Cuba’s economic transformation in the 1990s cannot be considered the solution to the formidable challenge of substantially modifying the current productive structure of the economy in order to achieve development. Despite the changes, the reconstruction of the Cuban economy is an incipient process with a high level of indeterminacy. To put it simply, it is a challenge awaiting resolution. —Pedro Monreal (2002b, p. 29).
esos resortes, los cuales no están realmente agotados, …si exhaustos y requieren de nuevas condiciones de funcionamiento .. —Juan Triana Cordoví (2002, p.12).
Cuban economic debates seem to have their own cycles. For stretches of time they may disappear, only to reappear later covering the same old ground. Cuba’s economy, which had rebounded in the 1990s after a dramatic fall in 1990-1993, is once again in difficulty, due to lack of proper and sufficient reforms.
In 2002, Pedro Monreal (2002a) edited a book where a group of Cuban academics and researchers (Julio Carranza, Pedro Monreal, Lázaro Peña, among others) presented significant critical analysis of the external sector policies and development strategy of the Cuban authorities during the 1990s. They pointed out several limitations of the then-current policies and proposed future prescriptions to improve the existing situation.
I consider their basic criticisms valid, but their prognosis is only a limited and succinct first step in the right direction, insufficient to address Cuban external sector problems. Specifically, they neither propose to use sufficient market mechanisms and practices—unlike what China, Vietnam and the former socialist European countries have done quite successfully—nor propose to change the emphasis on import substitution strategy as the foundation of the country’s economic development strategy. Contrary to Triana’s statement (above), the Cuban external sector strategy is both worn out and exhausted, but he is quite right that 2003 will be “a difficult year.”
The purpose of this paper is to offer alternative observations on the nature, extent and trends of transformations of the external sector of the Cuban economy in 1989-2002. The paper also reviews policy adjustments made by the authorities and their major achievements, failures and challenges for the future.
The paper is organized as follows. The first section offers a general overview of the problems in the external sector at the beginning of the 1990s and the pressing need for new policies and reforms. The second section examines the key developments and trends in the external sector in 1989-2002. The third section discusses the nature and scope of the policies and reforms implemented by the government throughout this period, their major achievements and failures, and their impact on the performance of the external sector and of the economy at large. The fourth section considers some important lessons learned from external sector reforms in the transition countries and Latin America during the 1990s, especially from the successful Chilean experience. The fifth section presents some observations regarding the required transformation of external sector policies to boost the rate of growth of the economy. The last section contains some concluding remarks.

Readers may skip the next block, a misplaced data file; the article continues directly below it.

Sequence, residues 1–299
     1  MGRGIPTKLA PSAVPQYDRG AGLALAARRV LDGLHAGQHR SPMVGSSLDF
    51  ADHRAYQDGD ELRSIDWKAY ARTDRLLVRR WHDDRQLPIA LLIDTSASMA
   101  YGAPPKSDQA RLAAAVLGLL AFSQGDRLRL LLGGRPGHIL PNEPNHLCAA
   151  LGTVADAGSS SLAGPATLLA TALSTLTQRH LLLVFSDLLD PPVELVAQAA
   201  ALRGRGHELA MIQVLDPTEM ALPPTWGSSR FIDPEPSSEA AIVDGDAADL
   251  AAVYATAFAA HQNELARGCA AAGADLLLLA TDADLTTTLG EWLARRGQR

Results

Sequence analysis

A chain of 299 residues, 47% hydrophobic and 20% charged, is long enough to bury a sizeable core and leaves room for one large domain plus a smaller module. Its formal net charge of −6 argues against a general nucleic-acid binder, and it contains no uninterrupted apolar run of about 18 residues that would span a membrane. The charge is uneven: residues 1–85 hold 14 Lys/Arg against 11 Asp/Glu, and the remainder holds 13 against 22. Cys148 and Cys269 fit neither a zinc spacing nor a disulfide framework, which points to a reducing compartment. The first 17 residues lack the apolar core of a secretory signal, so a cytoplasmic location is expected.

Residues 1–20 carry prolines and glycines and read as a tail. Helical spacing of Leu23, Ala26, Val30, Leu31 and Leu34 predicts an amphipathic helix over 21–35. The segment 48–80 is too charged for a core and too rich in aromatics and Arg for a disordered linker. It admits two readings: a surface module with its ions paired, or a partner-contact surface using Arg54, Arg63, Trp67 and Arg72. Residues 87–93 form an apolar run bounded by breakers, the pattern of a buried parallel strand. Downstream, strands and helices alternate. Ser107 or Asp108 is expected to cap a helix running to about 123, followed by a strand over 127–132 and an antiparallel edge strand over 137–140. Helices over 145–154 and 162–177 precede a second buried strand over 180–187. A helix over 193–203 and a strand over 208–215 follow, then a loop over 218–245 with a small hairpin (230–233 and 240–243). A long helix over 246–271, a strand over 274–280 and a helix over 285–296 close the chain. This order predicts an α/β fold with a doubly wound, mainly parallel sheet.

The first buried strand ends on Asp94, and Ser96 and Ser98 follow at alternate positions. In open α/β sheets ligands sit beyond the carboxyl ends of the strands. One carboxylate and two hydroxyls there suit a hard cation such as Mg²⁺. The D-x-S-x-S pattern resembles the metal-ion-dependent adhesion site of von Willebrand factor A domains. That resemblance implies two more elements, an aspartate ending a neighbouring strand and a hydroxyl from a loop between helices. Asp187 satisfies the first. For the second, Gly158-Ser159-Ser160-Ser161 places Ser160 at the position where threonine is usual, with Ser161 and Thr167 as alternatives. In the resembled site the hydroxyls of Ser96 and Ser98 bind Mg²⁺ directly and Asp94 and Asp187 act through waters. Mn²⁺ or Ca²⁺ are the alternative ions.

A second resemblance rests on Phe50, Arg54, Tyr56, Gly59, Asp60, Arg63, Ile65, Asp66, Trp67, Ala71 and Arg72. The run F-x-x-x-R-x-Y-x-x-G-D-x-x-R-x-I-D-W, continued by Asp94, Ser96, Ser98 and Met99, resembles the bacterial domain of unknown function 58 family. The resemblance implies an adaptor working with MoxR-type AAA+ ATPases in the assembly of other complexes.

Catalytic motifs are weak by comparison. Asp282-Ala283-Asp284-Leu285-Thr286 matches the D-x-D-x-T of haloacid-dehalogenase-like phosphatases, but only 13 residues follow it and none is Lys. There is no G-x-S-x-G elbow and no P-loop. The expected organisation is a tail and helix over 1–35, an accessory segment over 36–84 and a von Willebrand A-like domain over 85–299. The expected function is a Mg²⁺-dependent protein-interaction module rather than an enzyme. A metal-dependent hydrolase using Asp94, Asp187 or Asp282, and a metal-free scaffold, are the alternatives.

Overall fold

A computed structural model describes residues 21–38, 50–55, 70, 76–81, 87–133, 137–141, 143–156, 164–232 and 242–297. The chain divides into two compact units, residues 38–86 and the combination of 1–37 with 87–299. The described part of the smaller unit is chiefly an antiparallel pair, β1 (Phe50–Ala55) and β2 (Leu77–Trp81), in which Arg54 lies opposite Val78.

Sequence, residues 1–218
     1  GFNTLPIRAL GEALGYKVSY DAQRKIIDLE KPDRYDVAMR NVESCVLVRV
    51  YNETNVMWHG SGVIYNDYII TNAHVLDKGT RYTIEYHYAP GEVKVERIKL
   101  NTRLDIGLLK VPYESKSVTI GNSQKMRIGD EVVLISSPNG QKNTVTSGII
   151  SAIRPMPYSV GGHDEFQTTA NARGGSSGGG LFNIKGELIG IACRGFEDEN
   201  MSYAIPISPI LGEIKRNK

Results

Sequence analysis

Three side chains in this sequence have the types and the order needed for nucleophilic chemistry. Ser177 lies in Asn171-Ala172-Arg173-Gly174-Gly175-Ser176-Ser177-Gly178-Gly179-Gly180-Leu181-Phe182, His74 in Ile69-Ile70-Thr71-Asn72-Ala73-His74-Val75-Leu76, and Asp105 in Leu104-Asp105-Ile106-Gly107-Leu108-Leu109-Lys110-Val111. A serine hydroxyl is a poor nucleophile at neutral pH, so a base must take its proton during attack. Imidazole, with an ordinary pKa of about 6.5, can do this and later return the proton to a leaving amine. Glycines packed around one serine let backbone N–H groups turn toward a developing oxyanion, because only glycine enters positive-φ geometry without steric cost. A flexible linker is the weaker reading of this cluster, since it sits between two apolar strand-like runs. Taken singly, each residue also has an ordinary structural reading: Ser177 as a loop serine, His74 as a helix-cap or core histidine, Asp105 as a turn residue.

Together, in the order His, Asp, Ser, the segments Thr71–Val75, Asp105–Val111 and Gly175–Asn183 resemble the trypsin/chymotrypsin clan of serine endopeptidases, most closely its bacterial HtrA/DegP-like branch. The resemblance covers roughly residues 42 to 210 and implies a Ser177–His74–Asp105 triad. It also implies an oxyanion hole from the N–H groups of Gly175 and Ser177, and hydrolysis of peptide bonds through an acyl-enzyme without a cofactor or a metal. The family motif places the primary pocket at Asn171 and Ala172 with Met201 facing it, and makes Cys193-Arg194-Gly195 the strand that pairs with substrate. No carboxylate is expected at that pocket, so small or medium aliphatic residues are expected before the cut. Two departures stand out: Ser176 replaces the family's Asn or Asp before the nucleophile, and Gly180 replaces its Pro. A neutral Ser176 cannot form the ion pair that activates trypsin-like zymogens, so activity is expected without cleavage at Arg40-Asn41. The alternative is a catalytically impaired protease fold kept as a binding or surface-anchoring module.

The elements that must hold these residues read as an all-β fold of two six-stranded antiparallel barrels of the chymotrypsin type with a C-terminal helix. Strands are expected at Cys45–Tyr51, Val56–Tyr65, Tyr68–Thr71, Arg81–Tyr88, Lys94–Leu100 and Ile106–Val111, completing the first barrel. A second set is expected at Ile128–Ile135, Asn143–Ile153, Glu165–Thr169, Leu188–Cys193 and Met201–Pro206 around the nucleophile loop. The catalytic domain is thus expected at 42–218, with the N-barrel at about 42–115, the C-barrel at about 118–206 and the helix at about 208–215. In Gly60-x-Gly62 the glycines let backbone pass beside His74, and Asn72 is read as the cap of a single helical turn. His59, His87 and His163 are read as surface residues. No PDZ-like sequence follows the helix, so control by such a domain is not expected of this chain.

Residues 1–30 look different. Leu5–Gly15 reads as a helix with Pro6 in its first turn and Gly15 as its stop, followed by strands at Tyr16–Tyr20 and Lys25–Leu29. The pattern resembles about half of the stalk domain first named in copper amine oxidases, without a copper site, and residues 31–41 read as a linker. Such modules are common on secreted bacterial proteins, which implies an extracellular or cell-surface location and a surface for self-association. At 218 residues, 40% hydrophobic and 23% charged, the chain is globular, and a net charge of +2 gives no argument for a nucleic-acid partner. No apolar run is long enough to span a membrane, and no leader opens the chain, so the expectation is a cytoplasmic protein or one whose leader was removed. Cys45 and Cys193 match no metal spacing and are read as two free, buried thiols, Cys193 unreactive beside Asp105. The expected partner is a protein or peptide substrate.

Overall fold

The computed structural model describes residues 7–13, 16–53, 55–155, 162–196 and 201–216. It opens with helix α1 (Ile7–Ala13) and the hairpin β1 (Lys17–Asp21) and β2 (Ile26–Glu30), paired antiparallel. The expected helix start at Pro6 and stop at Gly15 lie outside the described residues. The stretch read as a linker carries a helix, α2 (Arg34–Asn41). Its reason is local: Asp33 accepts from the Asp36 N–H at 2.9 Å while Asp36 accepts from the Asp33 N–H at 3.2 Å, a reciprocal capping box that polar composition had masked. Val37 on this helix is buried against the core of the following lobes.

THE EXTERNAL CONTEXT IN THE EARLY 1990s AND THE NEED FOR NEW EXTERNAL POLICIES AND REFORMS
Since the First Congress of the Cuban Communist Party in December 1975, the industrialization of the country and the centralized and socialist organization of the economy were defined as the foundations of the development strategy of the country. During this period, Cuba relied on subsidized exports to the former European socialist countries and considerable external aid from the Soviet Union.2 Additionally, Cuba relied on outdated and energy-wasting forms of technology from the socialist countries. After the political changes in Europe in the early 1990s, the impossibility of continuing to rely on subsidized exports, external aid and energy-wasting technology made unfeasible the expansion of this inward development strategy and even its operation.
By the beginning of the 1990s Cuba had already experienced real GDP stagnation since 1985, a moratorium of its convertible currency external debt since 1986, an abrupt end to the substantial aid in the form of trade subsidies3 and automatic soft trade deficit financing,4 and the tightening of the U.S. embargo. Almost 80% of its trade was with CMEA countries. Therefore, Cuba faced the urgent task to adjust its international economic relations and to reallocate its trade in a context of limited access to foreign aid and international financing.